Each night, Zoe had a job to do.
Her foster family included two young boys, and although she lived with them only three weeks, the 160 pound Newfoundland dog took her role in the household seriously.
"She would wander into my boys' room and look them over as if to say goodnight," said foster mom, Sarah. "And as soon as she got up, she would run in to check on them."
Zoe was rescued in northern Ontario after a volunteer with Newf Friends Newfoundland Dog Rescue heard about her situation. But, despite the efforts of some volunteers, several months passed before Zoe was surrendered.
"We were aware there was a Newf in need and had extended the offer to help, but the family didn't follow up," said Sandra, founder of Newf Friends.
Eventually she was surrendered. When that happened, Sandra looked to her volunteers to help transport Zoe to southern Ontario.
"Doing transports is extremely time consuming, trying to sort out who's going to meet the dog, finding volunteers who are all available on the same day," she said. "If someone's late it may throw the transport off. It's one of the more challenging aspects of the process."
Zoe's journey was certainly a challenge. It took five people more than 12 hours to transport Zoe to her final foster home.
When she embarked on her journey, Zoe was shy, suffered skin issues and had an ear infection. But it wasn't difficult to see, despite the hardship she'd faced and her haggard appearance, Zoe was a gentle soul.
After half a day on the road with different Newf Friends volunteers, Zoe arrived in southern Ontario and met Sarah for the first time.
"My first impression was she was pretty reserved, but still as sweet as they come," said Sarah, who works at an animal shelter and regularly fosters dogs and cats.
Socialization began right away. First stop? An elementary school.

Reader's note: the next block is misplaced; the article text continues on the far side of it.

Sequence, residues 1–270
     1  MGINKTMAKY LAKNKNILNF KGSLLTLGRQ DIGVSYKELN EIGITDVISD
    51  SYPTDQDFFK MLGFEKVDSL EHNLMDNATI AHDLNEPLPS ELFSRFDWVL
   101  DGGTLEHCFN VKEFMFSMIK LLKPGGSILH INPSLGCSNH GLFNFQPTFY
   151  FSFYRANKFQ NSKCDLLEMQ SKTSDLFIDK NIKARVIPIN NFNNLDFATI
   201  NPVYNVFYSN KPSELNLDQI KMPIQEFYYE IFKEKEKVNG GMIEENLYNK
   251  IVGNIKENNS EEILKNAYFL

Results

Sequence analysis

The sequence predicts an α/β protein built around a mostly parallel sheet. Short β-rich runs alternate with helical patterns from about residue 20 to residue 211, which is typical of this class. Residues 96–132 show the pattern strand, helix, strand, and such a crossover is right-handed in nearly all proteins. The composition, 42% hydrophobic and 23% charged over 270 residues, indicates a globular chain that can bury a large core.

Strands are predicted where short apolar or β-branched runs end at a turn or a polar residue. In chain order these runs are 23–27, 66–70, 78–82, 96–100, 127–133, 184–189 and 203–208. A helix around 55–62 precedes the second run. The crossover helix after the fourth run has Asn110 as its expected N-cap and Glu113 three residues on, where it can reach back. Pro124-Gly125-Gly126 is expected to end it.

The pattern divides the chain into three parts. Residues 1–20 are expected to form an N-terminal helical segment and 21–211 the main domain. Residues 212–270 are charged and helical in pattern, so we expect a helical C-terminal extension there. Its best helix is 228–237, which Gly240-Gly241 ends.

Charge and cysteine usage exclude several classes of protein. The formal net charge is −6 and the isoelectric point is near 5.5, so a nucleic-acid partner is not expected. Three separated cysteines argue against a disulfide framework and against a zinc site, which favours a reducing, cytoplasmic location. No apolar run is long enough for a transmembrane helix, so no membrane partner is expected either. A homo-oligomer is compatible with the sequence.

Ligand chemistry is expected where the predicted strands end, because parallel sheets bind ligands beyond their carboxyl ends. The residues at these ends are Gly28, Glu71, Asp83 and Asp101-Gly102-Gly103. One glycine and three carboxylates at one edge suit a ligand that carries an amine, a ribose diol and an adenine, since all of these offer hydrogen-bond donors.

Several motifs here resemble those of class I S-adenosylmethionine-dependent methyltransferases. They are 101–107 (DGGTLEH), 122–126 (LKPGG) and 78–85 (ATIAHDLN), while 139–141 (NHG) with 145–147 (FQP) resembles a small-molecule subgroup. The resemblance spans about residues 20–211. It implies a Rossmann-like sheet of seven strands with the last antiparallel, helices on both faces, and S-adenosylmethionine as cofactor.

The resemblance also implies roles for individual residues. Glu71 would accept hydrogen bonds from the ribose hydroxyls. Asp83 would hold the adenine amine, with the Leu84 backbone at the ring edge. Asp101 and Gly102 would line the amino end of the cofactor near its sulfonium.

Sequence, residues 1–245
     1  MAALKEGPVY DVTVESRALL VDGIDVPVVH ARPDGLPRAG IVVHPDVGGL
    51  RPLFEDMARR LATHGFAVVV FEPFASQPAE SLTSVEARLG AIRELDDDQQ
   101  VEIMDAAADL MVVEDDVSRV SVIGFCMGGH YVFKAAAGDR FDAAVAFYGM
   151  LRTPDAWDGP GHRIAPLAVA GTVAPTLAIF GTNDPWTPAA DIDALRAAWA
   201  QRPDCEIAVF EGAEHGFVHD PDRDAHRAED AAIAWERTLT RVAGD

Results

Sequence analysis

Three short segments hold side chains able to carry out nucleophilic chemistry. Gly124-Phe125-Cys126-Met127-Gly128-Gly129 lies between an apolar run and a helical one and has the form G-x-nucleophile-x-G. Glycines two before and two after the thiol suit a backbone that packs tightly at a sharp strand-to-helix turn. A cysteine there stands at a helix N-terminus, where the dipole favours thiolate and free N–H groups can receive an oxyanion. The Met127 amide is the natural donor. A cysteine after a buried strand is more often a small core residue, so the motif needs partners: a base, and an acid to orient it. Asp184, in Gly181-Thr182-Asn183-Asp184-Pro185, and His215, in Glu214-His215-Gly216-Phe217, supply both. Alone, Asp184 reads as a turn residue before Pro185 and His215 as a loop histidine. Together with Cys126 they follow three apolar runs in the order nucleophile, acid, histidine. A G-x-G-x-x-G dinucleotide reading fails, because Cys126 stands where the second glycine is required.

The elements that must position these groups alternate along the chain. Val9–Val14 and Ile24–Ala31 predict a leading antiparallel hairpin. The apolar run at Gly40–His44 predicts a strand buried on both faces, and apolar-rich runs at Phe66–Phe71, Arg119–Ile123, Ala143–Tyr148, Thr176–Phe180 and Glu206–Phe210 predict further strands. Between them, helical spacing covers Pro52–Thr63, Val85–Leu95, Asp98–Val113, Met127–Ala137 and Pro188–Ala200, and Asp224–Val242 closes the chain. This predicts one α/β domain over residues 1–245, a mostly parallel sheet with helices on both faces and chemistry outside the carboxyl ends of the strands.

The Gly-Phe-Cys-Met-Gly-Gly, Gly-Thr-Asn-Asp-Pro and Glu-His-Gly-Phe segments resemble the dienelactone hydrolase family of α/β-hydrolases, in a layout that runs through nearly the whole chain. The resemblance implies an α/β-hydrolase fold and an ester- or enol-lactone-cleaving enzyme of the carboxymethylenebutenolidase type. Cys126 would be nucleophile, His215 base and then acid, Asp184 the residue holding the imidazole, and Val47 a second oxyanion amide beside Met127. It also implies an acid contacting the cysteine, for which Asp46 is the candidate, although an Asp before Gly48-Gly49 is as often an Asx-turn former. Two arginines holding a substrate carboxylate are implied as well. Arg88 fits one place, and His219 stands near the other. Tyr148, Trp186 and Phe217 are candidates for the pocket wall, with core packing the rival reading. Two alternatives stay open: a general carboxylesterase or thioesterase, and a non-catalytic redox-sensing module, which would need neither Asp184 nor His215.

"After we dropped the boys off at school, she was fine. She just leaned on us and watched through the fence," she said. "You could tell she was a little out of her comfort zone but nothing negative."
Next up, a visit to some local pet stores. Zoe couldn't walk in the door at first - she was petrified of a bird squawking inside. So they stood outside and absorbed the environment.
But the big test was Halloween.
"She was the most well-behaved dog you'd ever meet in your life," said Sarah, who has three cats and two dogs of her own. "Once we did the trick-or-treating she soared."
Through three weeks of fostering, Sarah took Zoe everywhere with her. And when it was finally time to say goodbye, the timid Newfoundland had gained confidence and healed.
"I took her to the pet stores a couple weeks later and she walked right in the door. It shows we just needed to show her the world," she said.
While letting go of Zoe was particularly difficult, Sarah said she has to think about why she fosters.
"I always remind myself it's not about me. It's about the animals," she said. "I'd rather feel sad and help, than not do anything."
Zoe joined her forever family from Quebec in late November.